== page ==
The research behind this initiative

Introduction – Freedom of Information Request (FOI)

In 2022, Aerial Defence Ltd filed a Freedom of Information request to all 46 Police Forces across the United Kingdom. The request included a number of questions to the relevant Police forces concerning their records relating to stolen drones, including the methodology concerning the offence and more specifically, what information the Police Force collected concerning the details of the stolen devices.

Information received from FOI

  • 38 (83%) of the 46 Police forces complied with the Freedom of Information (FOI) request.
  • Two of the United Kingdom’s four largest police forces, namely the Metropolitan Police and Greater Manchester Police, did not furnish a response.
  • There was no response from 8 (17%) Police Forces after forty-two days.
  • Police Forces do not use generic systems or identical procedures to capture and record stolen drone data. For example, for the majority of forces there is no specific item type of ‘drone’, within the crime recording database, so a manual keyword search had to be used.
  • Using the Metropolitan Police as an example, they have returned that if an incident was reported to the MPS in relation to the theft of a UVA (sic) or similar, this would be recorded on their Crime Report Information System (CRIS) under the property type SA – Photographic equipment.  This property type covers a range of equipment including cameras, photographic film etc and is not specific to UVA’s (sic) only.
  • 9 (20%) of the 38 Police forces who provided a return were unable to provide any data due to there being no mechanism to retrieve the requested information and the amount of work required to manually search crime records.  Staffordshire Police, for example, stated it would take approximately 130,000 hours (14 years) to search through crime records going back to 2015.
  • Inputting of data across forces is at best inconsistent. For example, some forces input “DGI Maverick” as a make and model, when in fact it should be “DJI Mavic”. This introduces serious, but easily fixable inconsistencies in the data.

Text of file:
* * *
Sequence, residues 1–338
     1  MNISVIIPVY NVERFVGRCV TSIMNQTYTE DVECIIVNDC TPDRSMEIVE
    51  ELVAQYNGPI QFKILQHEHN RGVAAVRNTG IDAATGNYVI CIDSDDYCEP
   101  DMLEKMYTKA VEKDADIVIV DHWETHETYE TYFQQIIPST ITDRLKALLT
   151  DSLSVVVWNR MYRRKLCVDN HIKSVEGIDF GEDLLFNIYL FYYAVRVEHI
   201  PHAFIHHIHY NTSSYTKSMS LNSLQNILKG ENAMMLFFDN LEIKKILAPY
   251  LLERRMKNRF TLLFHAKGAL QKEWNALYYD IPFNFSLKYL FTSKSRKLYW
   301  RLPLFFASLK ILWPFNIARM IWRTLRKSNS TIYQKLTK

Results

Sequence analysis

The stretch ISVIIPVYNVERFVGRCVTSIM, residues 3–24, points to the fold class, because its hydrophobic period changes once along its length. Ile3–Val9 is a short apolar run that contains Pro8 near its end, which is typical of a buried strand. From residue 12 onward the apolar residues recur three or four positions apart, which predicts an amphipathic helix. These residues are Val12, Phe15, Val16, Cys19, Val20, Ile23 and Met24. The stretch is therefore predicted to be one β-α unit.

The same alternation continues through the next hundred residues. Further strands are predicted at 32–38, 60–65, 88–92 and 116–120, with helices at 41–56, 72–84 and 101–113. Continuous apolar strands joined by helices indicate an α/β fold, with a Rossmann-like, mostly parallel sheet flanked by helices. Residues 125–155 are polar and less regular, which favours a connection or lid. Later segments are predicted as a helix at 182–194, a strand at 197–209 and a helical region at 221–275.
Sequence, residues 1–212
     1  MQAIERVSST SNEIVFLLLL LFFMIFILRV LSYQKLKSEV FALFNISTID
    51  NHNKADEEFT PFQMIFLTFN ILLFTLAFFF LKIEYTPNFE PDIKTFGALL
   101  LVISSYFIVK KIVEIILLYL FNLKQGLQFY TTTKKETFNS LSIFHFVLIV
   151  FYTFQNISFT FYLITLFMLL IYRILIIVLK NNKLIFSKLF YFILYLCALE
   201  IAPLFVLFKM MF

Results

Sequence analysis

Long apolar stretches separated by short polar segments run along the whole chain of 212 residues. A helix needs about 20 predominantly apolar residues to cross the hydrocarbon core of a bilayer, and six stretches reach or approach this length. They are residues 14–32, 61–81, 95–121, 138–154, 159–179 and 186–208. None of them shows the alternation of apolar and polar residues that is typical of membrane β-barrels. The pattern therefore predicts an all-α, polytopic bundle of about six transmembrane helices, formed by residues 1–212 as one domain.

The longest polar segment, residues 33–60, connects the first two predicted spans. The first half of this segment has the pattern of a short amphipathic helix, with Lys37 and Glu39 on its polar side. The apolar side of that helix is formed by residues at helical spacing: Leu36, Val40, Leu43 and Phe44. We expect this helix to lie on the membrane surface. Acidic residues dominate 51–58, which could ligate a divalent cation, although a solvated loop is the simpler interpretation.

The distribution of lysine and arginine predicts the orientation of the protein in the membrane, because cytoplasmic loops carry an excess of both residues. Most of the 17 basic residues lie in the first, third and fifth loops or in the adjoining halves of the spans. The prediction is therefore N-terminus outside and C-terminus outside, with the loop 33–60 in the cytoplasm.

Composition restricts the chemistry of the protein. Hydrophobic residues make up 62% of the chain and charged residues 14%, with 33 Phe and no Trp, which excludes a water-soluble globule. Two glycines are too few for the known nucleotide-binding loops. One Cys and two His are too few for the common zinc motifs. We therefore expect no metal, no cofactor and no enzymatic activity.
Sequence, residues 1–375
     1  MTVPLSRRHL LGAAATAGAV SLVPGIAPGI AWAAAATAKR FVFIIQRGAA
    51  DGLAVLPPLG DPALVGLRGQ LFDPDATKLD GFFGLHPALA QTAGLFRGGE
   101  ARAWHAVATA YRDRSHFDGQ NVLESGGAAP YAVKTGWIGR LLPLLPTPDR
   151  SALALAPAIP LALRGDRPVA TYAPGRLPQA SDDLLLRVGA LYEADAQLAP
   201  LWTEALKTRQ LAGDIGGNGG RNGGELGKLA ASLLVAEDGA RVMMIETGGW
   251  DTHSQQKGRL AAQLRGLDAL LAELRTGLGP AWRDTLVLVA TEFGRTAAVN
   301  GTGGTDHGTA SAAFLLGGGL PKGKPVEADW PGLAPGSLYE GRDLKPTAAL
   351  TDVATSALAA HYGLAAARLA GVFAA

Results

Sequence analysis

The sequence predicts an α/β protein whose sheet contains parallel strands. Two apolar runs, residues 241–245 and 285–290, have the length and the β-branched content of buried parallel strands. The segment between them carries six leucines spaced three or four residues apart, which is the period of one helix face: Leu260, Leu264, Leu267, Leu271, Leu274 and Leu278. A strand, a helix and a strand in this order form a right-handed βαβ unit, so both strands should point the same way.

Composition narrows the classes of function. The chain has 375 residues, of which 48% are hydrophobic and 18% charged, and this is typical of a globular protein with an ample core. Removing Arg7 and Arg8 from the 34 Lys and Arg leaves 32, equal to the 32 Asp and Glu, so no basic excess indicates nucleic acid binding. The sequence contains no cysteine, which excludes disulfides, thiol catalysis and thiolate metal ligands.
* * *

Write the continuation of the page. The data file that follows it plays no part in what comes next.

• A number of forces have supplied figures representing ONE occurrence of crime, however multiple drones were stolen during the commission of that crime.
  • The numerical data presented in the majority of responses is an un-audited snapshot of unpublished data sourced from “live” systems and is subject to the interpretation of the original request by the individual extracting the data.
  • As Police forces change crime recording processes, data becomes “lost” in legacy systems.
  • A significant number of forces have ZERO records where Serial numbers have been recorded. This makes traceability and identification of recovered stolen property very difficult, often impossible.  For example, West Midlands Police have recorded 126 Thefts of Drones, however, only 1 has had its serial number recorded.

Partial Solution by the CAA

In November 2019, the UK Civil Aviation Authority (CAA) launched Drones Reunited, a platform set up to help recover the thousands of drones lost in the UK each year. It was reported that over a quarter of drone owners admitted to having lost their drone. The service at was created to help reconnect owners with their lost devices.

Following a Freedom of Information request submitted to the CAA in August 2022, since the commencement of the Drones Reunited initiative on the 5th November 2019, the following statistics have been released:

  • Between the 5th November 2019 and 30th August 2022, there have been 117 drones submitted as LOST to the platform of which “Less than 5” have been ‘Found’ and returned to their owners.
  • Furthermore, between the 5th November 2019 and 30th August 2022, there have been only 17 drones submitted as STOLEN to the platform. This is a stark contrast to the amount of drones reported to the Police as Stolen.

Visual Statistics

Crime Type

By Force Area